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Music is for whole being, not just for sighted: Visually-impaired musician Baluji Shrivastav

IANS  |  New Delhi 

Music is not just for the sighted, as it stems from the body's rhythm, visually-impaired multi-instrumentalist said at his performance "Antardrishti: Inner Vision" at the here. The Indo-British was appointed the of the Order of the (OBE) -- a Queen's honour -- for his services to music in 2016.

Uttar Pradesh-born Shrivastav, who has been visually impaired since he was 4, said he grew up listening to his heartbeats and the flow of his blood.

"I could feel my heart is thumping, and so is everybody else's, and that was the metre of music for me," he told IANS on the sidelines of his performance, elaborating on the inner vision he developed.

"Music itself is not designed only for sighted people, but the whole being," he said, adding that everything is music for him.

"You're speaking, I'm speaking. That's also music."

His two-hour group performance last week essayed the eleventh chapter of Bhagavad Gita, which carries the essence of the epic Mahabharata, through music, dance and

"I was excited to choose because of Dhritarashtra, who himself was blind. The eleventh chapter of Gita because it's here when Lord shows his 'Vishwaroopam' (grand avatar) to Arjuna, and makes him look beyond the obvious" the master sitarist explained.

The 67-year-old artiste, who has been away from for over 30 years, seems to be equally fluent in Hindi and English, and recites couplets with ease.

Why the

The widely-heard said that his father taught him one Gita 'Shloka' (verse) each day, when he was young.

"It took me few years to learn the entire Gita by heart, now I can recite it fully," said the founder.

He has also founded the Inner Vision Orchestra, UK's only blind ensemble -- which performed with him -- the idea for which occured to Shrivastav when he was learning at the blind schools in Gwalior and Ajmer.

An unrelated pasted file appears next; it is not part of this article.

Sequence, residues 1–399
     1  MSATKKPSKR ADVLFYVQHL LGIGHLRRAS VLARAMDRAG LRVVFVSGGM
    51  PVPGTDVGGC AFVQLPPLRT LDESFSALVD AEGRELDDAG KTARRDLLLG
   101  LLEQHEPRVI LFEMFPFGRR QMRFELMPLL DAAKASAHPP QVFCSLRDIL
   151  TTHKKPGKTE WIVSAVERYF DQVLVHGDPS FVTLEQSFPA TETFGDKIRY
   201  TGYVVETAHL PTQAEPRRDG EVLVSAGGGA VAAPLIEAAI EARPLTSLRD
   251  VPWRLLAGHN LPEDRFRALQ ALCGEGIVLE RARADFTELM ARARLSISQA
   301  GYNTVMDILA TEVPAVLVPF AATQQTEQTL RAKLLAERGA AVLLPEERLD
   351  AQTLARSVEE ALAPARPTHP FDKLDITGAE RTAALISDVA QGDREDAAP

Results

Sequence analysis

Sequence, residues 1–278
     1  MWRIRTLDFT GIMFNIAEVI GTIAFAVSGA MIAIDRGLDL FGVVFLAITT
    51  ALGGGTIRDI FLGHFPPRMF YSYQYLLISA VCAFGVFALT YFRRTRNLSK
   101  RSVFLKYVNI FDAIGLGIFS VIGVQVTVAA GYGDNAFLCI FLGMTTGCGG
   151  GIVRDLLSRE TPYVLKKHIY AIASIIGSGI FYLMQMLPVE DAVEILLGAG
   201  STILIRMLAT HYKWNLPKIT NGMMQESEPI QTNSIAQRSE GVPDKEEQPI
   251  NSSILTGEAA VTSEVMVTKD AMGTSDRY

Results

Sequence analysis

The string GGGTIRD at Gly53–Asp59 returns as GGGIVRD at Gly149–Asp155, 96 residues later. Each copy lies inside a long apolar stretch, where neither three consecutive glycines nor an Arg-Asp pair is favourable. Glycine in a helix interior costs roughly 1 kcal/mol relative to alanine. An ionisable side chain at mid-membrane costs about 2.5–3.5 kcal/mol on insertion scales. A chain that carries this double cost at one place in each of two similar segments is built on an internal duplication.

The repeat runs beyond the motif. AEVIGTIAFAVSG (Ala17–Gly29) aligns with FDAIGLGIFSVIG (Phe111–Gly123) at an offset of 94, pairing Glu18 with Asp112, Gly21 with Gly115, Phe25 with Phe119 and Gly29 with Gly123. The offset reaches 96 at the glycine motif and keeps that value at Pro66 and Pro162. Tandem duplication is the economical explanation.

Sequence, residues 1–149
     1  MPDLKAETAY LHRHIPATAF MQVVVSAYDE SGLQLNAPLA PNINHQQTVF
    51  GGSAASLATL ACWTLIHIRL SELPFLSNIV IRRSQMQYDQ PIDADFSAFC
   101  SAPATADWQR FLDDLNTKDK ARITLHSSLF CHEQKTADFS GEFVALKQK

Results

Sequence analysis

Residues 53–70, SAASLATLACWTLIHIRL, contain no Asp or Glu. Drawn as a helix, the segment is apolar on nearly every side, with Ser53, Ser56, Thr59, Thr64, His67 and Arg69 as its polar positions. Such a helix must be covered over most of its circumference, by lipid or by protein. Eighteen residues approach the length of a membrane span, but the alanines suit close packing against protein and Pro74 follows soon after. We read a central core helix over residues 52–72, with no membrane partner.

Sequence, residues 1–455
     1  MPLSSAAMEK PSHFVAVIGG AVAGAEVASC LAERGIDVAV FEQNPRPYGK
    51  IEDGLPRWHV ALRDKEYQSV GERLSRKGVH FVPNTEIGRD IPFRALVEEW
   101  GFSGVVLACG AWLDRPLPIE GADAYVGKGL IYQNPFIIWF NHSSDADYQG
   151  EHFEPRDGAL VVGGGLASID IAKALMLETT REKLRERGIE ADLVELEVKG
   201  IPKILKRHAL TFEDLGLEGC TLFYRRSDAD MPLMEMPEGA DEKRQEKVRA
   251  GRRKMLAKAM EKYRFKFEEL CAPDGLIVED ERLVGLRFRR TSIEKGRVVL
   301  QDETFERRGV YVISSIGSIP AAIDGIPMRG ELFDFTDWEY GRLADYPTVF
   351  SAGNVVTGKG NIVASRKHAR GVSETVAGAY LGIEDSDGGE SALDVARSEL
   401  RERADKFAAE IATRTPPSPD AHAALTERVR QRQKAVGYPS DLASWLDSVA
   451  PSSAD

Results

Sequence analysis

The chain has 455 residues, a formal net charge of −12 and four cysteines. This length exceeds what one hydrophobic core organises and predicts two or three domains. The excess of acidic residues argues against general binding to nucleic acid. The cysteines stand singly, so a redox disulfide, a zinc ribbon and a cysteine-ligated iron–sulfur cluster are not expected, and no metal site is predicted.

As his Orchestra played striking music at the here, it was accompanied by the graceful gestures and body movements by an Indian classical dance group headed by Arunima Kumar -- all feeding into a beautiful recital of Gita's 11th chapter "Vishwaroopam Darshana".

The performance held the audience's attention, as an audio-visual accompaniment played street sounds -- that of a coconut being cut, a street being swept and being sieved -- to which the ensemble played the tabla, sitar, flute, piano and violin.

It was produced by with support from Arts Council England, and

Towards the conclusion of the performance, a poignant Shrivastav said it's a misconception that visually-impaired music artistes cannot play for a dance performance.

As British Council's put it, the performance celebrates the "equal contribution made by differently-abled people to communities".

For Shrivastav, music also remains a way to instill confidence in the visually impaired community.

Mentioning his tour, which concludes next week, he also said the joy of coming back to his motherland remains unparalleled.

In his usual style, the broke into a shloka to illustrate his point: "Janani Janma-bhoomi-scha Swargadapi Gariyasia", translating it to explain that mother and motherland were better than heaven.

His next performance is scheduled to be held at the in Mumbai on Monday.

(Siddhi Jain can be contacted at <>)



(This story has not been edited by Business Standard staff and is auto-generated from a syndicated feed.)

First Published: Sun, September 16 2018. 13:04 IST